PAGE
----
Gallup revealed that employees whose managers hold regular meetings are almost three times as likely to be engaged as employees whose managers don’t. Hosting weekly one-on-one meetings strengthens relationships between the leader and their team members, builds team loyalty, and they take the guesswork out of leadership. When you invest time to get to know your people well, unfiltered conversations provide great conversations for you to make informed, forward-thinking decisions as a leader to drive exceptional results.
Influential leaders embrace responsibility for their whole team to succeed in their roles. While many assume being a boss means having all the answers, courageous leaders engage employees to share their ideas and solutions before jumping in. By discussing with each employee their Individual Development Plan, the staff develops ownership over their roles and results. When leaders invest time and energy into discussing new goals and how to develop new skills, the leader marries company objectives with individual goals to ensure all benefits.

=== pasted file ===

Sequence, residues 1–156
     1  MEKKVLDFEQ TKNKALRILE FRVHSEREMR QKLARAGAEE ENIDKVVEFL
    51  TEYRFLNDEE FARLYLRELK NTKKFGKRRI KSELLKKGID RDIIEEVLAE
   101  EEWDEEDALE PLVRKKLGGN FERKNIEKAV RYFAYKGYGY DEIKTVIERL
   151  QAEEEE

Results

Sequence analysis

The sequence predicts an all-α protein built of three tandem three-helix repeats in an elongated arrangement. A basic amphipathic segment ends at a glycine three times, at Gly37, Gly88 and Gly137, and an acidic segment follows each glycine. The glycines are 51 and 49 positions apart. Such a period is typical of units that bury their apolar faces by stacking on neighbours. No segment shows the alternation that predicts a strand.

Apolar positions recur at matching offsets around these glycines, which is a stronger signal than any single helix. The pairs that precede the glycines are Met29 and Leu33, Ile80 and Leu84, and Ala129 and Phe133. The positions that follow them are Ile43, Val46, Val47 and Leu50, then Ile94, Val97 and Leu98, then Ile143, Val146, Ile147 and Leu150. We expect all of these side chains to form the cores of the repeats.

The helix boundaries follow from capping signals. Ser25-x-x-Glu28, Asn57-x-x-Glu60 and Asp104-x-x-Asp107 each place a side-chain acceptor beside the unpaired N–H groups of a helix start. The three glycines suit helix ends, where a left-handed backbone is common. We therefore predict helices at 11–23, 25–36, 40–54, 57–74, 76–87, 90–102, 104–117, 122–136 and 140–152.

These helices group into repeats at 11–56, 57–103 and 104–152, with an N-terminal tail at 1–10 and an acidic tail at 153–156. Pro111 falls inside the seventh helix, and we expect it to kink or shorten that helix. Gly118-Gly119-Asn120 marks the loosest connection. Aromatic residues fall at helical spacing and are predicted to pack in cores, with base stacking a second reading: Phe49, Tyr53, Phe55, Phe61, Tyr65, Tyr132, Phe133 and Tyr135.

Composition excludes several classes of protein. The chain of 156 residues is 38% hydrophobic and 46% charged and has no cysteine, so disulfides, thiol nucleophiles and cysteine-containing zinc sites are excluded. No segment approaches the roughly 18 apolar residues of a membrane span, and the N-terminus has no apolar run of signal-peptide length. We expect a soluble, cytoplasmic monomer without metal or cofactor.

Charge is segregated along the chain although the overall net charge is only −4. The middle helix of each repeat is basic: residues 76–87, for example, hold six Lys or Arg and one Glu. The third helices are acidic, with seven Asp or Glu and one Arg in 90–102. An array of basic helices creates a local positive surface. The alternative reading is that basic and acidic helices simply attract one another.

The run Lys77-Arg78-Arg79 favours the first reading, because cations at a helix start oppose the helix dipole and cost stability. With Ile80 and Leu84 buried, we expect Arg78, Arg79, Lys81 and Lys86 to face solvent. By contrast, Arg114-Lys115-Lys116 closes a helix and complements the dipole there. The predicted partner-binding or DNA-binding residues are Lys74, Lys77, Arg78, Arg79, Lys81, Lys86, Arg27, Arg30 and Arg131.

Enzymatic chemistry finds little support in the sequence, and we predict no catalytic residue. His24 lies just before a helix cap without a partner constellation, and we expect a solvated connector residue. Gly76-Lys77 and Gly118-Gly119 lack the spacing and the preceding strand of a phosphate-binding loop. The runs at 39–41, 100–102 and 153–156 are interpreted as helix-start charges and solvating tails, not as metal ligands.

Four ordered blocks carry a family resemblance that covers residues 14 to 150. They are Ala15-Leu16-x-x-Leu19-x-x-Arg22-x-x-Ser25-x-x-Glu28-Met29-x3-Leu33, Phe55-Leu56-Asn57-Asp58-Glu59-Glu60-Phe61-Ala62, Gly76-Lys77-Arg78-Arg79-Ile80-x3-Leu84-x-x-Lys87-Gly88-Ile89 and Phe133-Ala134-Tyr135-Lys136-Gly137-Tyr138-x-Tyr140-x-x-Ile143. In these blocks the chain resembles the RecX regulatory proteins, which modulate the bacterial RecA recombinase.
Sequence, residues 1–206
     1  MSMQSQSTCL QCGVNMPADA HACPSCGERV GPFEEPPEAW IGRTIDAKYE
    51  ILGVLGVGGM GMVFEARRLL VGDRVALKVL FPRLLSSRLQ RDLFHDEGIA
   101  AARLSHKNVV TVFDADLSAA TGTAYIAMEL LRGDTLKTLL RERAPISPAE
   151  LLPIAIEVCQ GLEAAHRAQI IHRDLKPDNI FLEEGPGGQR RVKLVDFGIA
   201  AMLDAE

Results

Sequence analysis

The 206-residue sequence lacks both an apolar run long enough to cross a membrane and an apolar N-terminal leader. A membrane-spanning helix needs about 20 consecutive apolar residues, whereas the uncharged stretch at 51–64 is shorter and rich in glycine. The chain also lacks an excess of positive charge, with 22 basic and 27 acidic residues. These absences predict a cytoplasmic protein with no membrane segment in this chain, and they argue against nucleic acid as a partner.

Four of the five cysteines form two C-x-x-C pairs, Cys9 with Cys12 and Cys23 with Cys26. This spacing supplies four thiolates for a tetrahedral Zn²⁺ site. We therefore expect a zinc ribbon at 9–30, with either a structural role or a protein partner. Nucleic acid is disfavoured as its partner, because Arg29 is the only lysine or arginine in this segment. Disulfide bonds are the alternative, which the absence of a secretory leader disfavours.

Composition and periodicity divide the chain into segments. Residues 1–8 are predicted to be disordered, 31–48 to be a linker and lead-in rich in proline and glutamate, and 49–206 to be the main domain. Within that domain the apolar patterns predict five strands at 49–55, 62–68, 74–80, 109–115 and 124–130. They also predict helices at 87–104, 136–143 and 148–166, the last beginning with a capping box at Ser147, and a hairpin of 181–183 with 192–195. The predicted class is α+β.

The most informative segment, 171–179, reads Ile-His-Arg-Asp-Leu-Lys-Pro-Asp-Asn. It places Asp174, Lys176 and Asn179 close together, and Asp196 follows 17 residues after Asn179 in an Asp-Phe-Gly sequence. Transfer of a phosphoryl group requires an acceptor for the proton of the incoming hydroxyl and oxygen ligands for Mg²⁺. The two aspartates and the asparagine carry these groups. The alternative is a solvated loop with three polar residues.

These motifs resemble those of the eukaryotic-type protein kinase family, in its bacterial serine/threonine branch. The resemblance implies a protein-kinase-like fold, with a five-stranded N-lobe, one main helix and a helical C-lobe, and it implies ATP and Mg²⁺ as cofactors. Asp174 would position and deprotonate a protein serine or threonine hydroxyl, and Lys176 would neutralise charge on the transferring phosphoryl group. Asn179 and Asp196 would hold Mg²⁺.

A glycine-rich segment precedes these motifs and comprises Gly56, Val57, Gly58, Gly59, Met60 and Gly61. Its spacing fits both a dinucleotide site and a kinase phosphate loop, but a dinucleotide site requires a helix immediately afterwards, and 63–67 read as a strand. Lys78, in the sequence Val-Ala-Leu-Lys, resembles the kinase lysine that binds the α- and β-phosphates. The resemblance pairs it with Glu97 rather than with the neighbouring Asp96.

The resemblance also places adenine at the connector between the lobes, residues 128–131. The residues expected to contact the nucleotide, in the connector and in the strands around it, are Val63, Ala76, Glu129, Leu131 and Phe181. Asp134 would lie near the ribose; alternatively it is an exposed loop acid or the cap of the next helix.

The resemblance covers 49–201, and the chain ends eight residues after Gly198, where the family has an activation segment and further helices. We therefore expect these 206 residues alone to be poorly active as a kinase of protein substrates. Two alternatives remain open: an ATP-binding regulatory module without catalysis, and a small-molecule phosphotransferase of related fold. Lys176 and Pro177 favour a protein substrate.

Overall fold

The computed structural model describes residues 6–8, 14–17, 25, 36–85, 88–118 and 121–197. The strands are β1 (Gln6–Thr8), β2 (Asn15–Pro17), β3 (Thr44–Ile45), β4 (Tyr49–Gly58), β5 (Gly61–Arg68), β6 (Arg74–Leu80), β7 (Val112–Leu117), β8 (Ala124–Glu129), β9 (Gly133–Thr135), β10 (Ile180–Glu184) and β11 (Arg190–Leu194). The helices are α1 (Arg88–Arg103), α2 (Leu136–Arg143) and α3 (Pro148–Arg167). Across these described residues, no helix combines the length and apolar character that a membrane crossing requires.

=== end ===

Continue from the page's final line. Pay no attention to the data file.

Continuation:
12. Leaders create leaders
The ultimate gift a leader can give is to create another first-time leader that replaces you. Paying this forward creates an opportunity for individual contributors to stand up and be seen. Leaders create more leaders, and providing the opportunity for another human being to embrace a level of fulfilment that comes from leadership is an incredible gift.
This column was originally published on Entrepreneur.com on 3 February 2020 https://www.entrepreneur.com/article/343572 Copyright 2020 by Entrepreneur Media, Inc. All rights reserved.